Tommy Lipton was always coming up with promotional gimmicks.

Just before Christmas 1881, an unusual cargo arrived at Glasgow Docks aboard a steamer from America. It was the world’s biggest cheese.

The monster had a circumference of 14 feet, and it was two feet thick. A steam-belching traction engine was brought in to haul the gigantic cheddar to Lipton’s store. Burly employees got it through the door and into the shop window.

Crowds came to view what was, by now, known as Jumbo, the product of 800 cows.

Then came Tommy Lipton’s crowning achievement. Just before the holiday, a white-suited Tommy started cutting the giant cheese into portions for sale. When customers learned that a large number of gold sovereigns had been hidden in the wheel, they scrambled to buy a slice. Police had to be called to control the crowd.

The Christmas cheese promotion became an annual tradition at Lipton stores across Britain.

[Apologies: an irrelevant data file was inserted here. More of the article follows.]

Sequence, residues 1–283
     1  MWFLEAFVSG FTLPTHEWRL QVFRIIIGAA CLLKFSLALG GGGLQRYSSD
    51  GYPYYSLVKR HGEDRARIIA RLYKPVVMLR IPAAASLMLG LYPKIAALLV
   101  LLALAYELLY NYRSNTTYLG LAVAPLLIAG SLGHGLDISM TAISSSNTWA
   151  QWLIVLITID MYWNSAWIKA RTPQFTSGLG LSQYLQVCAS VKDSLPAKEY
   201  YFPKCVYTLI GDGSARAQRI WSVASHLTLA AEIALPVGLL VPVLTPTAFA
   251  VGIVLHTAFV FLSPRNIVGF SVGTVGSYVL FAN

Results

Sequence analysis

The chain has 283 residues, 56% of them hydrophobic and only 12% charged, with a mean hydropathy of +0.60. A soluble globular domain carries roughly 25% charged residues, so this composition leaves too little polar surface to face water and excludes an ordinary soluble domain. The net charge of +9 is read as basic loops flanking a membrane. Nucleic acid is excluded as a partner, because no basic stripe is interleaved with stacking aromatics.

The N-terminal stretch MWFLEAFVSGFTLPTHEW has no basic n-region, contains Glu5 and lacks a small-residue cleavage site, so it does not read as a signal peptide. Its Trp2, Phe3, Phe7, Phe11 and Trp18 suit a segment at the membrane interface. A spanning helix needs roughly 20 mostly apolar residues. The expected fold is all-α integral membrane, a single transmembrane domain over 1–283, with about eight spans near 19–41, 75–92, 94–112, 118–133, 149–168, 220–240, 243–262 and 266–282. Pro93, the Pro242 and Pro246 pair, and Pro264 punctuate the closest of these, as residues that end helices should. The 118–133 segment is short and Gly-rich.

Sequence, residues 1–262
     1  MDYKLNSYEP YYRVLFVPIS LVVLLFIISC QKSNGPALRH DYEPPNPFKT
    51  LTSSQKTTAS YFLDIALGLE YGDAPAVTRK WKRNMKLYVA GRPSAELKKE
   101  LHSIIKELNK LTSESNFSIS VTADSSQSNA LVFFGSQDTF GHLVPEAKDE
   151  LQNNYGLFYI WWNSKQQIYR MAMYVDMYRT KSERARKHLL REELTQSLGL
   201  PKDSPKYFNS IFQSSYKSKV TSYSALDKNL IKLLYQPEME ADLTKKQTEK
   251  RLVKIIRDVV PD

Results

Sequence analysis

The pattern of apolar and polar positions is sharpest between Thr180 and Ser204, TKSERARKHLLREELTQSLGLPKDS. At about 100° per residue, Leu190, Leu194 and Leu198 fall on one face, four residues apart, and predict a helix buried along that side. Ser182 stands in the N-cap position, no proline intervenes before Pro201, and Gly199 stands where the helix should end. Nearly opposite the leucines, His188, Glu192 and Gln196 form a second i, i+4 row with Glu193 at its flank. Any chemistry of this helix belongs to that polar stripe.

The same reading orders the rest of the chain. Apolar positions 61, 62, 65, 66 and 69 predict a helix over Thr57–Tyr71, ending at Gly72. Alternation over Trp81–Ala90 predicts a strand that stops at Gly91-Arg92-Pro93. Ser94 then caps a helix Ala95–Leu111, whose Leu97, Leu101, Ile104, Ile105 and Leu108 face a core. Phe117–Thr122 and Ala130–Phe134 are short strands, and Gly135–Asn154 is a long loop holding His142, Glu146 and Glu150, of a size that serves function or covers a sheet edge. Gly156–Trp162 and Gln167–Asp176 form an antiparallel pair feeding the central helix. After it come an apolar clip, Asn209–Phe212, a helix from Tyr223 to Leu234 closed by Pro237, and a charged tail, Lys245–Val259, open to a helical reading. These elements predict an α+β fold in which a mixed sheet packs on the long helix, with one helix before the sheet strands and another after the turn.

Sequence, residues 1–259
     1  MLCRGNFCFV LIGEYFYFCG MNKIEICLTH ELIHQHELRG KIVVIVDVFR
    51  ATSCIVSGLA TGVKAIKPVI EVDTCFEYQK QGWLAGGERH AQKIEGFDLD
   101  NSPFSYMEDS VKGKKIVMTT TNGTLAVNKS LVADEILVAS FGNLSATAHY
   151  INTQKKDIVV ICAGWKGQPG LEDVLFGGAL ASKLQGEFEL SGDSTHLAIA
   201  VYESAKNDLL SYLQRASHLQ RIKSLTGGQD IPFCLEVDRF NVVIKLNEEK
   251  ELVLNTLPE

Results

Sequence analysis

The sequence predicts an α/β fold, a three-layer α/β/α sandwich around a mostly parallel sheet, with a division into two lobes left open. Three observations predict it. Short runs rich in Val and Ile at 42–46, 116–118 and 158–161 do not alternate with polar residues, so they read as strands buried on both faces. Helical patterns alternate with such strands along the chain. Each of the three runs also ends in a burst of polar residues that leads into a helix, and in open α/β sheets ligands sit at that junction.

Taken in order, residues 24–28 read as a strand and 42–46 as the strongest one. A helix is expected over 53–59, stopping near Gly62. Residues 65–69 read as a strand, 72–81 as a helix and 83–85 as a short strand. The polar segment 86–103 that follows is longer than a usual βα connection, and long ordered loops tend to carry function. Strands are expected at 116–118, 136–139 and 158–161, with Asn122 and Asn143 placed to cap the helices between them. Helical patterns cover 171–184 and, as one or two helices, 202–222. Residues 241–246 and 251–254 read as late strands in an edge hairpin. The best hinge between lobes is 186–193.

The King of Tea

The middle classes of the Victoria era had taken to drinking tea with gusto. Employing his strategy of cutting out middlemen, Tommy took off to Sri Lanka (then called Ceylon) and bought his first tea plantation.

In the late 19th century, tea could be of questionable quality. Because he had control of the entire supply chain, Lipton ran around his competitors by offering a consistently good quality product at a reasonable price.

He became the toast of society, albeit in tea, and was soon mixing with the A-list of aristocrats and celebrities in London.

The Americas Cup

There’s something about tycoonery that makes the ultra-rich want to dabble in sport. Today, it’s ownership of major sports franchises. In Tommy’s day, they didn’t exist, so he went in for sailing.

Tommy Lipton yearned to win the America's Cup, the absolute pinnacle of yacht racing. Getting into this league costs a lot of money, just as buying Manchester United or the New England Patriots would today.

Lipton’s yacht was beaten in the 1899 challenge, but the publicity value was huge. He failed again in 1901 and 1903. He made two more attempts to win the trophy but was unsuccessful.

Writing for the BBC, Calum Watson comments that “The good grace with which he accepted defeat earned him goodwill and admiration across America.” The actor Will Rogers started a campaign to raise money to buy him a golden replica of the America's Cup.

It was presented to Lipton in 1930 by the Mayor of New York City.

Tommy Lipton died the following year, and his funeral in Glasgow attracted massive crowds.

Bonus Factoids